Land O’ Lakes Investigation Unearths The Realities Of Butter
A Meat and Dairy Industries Article from

FROM Switch4Good
May 2021

We interviewed Alexandra Paul who went into the Califorenia Land O'Lakes dairy supplier so she could tell the boots-on-the-ground story and to learn more about the disconnect between marketing and reality in the dairy industry.


Happy cows don’t come from California, but the Land O’ Lakes butter company has attempted to prove otherwise. Through false advertising, the brand assures the public that its cows live a docile life, but a recent undercover investigation of the Californian Land O’ Lakes dairy supplier revealed living conditions quite opposite to this sunshiny image. Switch4Good podcast co-host, Alexandra Paul, was part of this Land O’ Lakes investigation. We interviewed her to tell the boots-on-the-ground story and to learn more about the disconnect between marketing and reality in the dairy industry.

Switch4Good: When did you first hear that the Land O’ Lakes dairy farms may not be as idyllic as the company described them?

Alexandra Paul: I was on a team of female activists from Direct Action Everywhere who rescued a calf from a Land O’ Lakes dairy farm in 2017. She was being held in a small wooden hutch that was exposed to the elements, lying in her own excrement, with no bedding at all. Due to this confinement, she couldn’t walk more than one step for the first months of her life. People think veal calves are kept in terrible conditions, but dairy calves are not much better.

I was shocked that the dairy industry was doing this to baby animals, so I looked deeper into Land O’ Lakes. I found repeated boasting from the company that one hundred percent of its farmers follow particular animal welfare guidelines. I decided to find out if this place was an anomaly or if the company was just lying about how its farms were treating their animals.

Switch4Good: Why would a consumer question the statements dairy companies put out in regards to animal conditions?

Alexandra Paul: Consumers don’t question Big Dairy, but they should. Land O’ Lakes relies on misleading language because it knows consumers want “humane” food, so it has to pretend its food is from happy cows to keep up with what their customers want. Because they are in reality raising these cows in factories instead of bucolic farms, they are able to sell their products more cheaply, too. So now Americans expect their dairy to be humane and inexpensive. But no dairy is humane and the government subsidies only make it appear cheap. So dairy is based upon lie after lie.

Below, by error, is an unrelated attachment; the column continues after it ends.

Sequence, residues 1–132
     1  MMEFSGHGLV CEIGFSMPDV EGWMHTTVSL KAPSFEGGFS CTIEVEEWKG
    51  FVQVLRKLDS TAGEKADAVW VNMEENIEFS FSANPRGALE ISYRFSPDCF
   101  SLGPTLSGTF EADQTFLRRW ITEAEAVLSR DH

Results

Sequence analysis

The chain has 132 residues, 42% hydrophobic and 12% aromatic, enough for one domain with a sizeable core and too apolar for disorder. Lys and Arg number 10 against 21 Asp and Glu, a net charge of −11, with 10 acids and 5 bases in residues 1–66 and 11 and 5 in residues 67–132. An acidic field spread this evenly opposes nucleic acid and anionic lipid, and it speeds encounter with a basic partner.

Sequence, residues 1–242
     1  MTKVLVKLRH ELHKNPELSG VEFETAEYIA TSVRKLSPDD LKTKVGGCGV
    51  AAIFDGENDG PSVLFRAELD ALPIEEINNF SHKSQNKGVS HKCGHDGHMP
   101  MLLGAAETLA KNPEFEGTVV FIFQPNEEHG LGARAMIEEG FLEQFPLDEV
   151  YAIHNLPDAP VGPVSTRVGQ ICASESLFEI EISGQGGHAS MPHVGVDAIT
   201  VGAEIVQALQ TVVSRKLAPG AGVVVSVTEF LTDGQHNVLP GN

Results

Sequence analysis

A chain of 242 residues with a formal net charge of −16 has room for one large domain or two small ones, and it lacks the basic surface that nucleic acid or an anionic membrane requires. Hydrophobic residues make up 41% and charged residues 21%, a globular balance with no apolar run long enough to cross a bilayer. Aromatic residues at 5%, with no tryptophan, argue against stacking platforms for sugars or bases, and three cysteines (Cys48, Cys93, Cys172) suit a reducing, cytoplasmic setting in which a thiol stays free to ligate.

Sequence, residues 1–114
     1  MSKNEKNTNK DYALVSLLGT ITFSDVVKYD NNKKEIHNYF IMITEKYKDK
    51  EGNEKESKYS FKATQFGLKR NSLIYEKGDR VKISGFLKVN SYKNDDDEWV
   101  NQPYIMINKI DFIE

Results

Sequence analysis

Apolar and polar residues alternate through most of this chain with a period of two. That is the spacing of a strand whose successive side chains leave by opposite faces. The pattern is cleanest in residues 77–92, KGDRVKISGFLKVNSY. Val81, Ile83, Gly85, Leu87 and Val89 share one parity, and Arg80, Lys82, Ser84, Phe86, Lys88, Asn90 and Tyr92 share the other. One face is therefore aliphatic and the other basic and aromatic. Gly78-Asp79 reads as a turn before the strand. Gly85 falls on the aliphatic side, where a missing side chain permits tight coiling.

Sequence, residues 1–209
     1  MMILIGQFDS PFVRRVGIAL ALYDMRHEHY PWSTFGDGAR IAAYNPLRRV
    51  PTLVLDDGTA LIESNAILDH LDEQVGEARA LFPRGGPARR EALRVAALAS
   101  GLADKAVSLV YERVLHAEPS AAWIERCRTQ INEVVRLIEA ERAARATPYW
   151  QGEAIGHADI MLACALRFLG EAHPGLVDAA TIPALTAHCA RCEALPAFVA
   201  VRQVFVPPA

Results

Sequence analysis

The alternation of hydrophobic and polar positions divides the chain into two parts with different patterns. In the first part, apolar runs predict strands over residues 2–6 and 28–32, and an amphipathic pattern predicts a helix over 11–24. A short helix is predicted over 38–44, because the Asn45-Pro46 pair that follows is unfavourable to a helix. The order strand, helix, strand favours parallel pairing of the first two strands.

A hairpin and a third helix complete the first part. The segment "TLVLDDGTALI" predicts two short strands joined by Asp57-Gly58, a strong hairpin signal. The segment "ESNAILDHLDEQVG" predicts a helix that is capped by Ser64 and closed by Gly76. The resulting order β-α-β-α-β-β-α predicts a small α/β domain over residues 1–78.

Switch4Good: How many farms did you visit, and what did you see?

Alexandra Paul: I documented 14 Land O’ Lakes farms in Wisconsin and California—the two largest dairy-producing states. Five of the farms were owned by current or former Land O’ Lakes board members. I saw calves exposed to 106-degree weather in the California desert and in snow below zero in Wisconsin. One farm in Wisconsin chained each calf to an igloo hutch, which is a plastic dome that looks like a dog house. The calves could go three feet outside the hutch before the chain tugged them back. If you did that to a puppy in this kind of freezing weather, you’d be cited for animal cruelty.

Switch4Good: California is a large dairying state that has had issues with dairy marketing in the past. Do you see any overlap between Land O Lakes messaging and the Happy Cows Come From California campaign?

Alexandra Paul: They are both deceitful attempts to entice consumers to drink milk by easing their conscience with these false ads, because Americans are becoming more sensitive to animal cruelty.

Switch4Good: Have you come across other instances where popular dairy companies make false claims to market to consumers?

Alexandra Paul: When you are selling a product that is unhealthy for people, cruel to animals, and bad for the environment, you have to mislead to get consumers to buy it. I have been focusing on Land O Lakes because it is one of the biggest dairy distributors in the world.

Switch4Good: Are there any apps or tools you use to ensure a product is true to its messaging?

Alexandra Paul:: Yes, to some extent. You can go to to figure out what farm the milk from any carton comes from. But the farm’s website will likely not present the actual conditions of the farm. A Google search “(Farm Name) undercover” is a good way to see if there have been any undercover investigations done on that farm.

Switch4Good: Why do you support Switch4Good?

Alexandra Paul: Switch4Good is a powerful voice. It has done amazing work lobbying to change the dietary guidelines, pressuring the Olympic Committee to stop promoting harmful products like dairy, educating athletes about the performance benefits of being dairy-free, supporting kids’ sports teams, and conducting scientific research into the performance effects of removing milk products from the diet. Dotsie is a joy to work with and I am also so proud to co-host the podcast with her.

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